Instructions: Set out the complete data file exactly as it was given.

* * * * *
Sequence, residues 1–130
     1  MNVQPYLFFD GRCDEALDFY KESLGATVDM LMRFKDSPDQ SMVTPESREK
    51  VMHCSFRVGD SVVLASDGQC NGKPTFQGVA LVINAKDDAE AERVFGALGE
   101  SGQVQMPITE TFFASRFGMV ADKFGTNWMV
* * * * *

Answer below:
Sequence, residues 1–130
     1  MNVQPYLFFD GRCDEALDFY KESLGATVDM LMRFKDSPDQ SMVTPESREK
    51  VMHCSFRVGD SVVLASDGQC NGKPTFQGVA LVINAKDDAE AERVFGALGE
   101  SGQVQMPITE TFFASRFGMV ADKFGTNWMV